Tata Consultancy Services denied dismissal over 2015 discriminatory lawsuit

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Logos of Tata Consultancy Services (TCS) are displayed at the venue of the annual general meeting of the software services provider in Mumbai, June 29, 2012. REUTERS/Vivek Prakash/Files

A federal judge in Oakland, California has rejected a request from Tata Consultancy Services Ltd. (TCS) to dismiss the 2015 lawsuit accusing them of violating anti-discrimination laws by favoring Indians Americans.

Although, the District Court in California expanded the anti-discrimination lawsuit into class action against the company over termination of American employees, India’s largest IT firm told the Economic Times that it will vigorously defend itself.

“TCS will vigorously defend its position and expects positive outcome. There are no discriminatory practices in any part of the company and TCSBSE 0.30 % is confident that it will be able to defend its position at the Trial,” TCS said in a statement.

According to the economic Times report, TCS was sued back in 2015 by a white, American IT worker named Brian Buchanan, who accused them of overwhelming favoritism toward Indian American workers, adding that he experienced “substantial anti-American sentiment” in his 20 months at TCS, and was ultimately terminated.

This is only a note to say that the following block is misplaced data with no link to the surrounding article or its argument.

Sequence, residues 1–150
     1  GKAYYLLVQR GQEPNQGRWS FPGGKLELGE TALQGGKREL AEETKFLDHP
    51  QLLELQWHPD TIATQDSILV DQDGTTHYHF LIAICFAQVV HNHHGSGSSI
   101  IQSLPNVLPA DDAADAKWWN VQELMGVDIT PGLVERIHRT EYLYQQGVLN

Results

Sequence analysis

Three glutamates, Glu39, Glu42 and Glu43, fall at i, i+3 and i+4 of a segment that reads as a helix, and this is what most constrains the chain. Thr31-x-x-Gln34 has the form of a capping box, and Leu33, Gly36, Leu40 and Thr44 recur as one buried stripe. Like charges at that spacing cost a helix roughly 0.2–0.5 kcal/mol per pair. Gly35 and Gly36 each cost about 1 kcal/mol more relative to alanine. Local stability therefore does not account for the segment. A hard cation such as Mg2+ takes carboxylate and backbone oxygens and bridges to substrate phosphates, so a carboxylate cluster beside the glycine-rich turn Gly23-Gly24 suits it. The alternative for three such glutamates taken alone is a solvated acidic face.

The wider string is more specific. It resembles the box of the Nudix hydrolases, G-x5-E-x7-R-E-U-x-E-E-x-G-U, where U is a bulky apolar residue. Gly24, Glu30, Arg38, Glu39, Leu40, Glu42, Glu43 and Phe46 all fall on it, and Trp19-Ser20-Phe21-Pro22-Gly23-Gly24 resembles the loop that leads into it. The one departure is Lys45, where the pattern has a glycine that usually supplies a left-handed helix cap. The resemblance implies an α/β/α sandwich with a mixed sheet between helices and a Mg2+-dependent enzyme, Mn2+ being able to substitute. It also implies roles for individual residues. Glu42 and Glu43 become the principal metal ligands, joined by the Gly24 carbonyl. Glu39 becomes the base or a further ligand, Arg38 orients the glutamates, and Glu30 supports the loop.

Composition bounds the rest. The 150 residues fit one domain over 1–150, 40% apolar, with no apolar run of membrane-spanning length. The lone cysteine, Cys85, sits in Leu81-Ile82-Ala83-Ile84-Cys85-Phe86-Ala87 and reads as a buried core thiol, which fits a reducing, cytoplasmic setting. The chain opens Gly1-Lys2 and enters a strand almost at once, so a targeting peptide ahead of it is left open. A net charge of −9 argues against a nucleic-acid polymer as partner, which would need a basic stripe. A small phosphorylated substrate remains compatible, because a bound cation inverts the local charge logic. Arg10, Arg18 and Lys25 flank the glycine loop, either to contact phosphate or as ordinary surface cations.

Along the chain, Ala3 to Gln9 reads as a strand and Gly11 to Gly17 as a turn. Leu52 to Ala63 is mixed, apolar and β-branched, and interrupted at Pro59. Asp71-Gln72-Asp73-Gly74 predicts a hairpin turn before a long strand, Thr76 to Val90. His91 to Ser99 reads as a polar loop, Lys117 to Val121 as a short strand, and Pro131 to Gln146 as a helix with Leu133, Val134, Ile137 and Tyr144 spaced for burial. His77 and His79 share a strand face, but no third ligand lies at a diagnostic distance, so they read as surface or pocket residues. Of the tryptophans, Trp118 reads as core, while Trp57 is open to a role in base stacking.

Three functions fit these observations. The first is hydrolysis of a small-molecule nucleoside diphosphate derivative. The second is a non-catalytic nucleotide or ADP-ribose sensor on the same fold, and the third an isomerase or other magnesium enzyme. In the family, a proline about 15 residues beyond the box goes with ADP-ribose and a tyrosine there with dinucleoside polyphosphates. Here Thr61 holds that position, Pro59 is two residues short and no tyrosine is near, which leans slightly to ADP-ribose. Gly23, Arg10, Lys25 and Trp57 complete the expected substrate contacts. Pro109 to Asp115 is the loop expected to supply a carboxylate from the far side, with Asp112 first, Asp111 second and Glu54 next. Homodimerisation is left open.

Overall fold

According to an International Business Times report, Buchanan further claimed that he was among 400 people terminated though was asked to stay for a few months to train the Indian TCS employees who were replacing him.

However, TCS has argued that Buchanan’s experience does not prove he was a victim of bias as “he has ‘no idea’ whether the application process was discriminatory because he did not attend any of the town hall meetings he was invited to during the Edison transition to learn about open positions with TCS and how to apply for them—and he did not apply for a specific job, the company said in a court filing.”

Another IT firm, Infosys also faced a similar lawsuit in Milwaukee four years ago and both the IT firms have come under pressure from President Donald Trump’s desire to hire more American locals and he is also wanting to decrease the amount of H-1B visa applications in a year.

Earlier in May, Infosys announced plans to hire 10,000 American workers over the next two years and open four technology centers in the US, starting with Indiana.

The following month, TCS said it had hired more than 12,500 Americans in the last five years and expects to remain at par or exceed prior years’ levels for the remainder of 2017 as TCS operates in over 50 countries, including the U.S.

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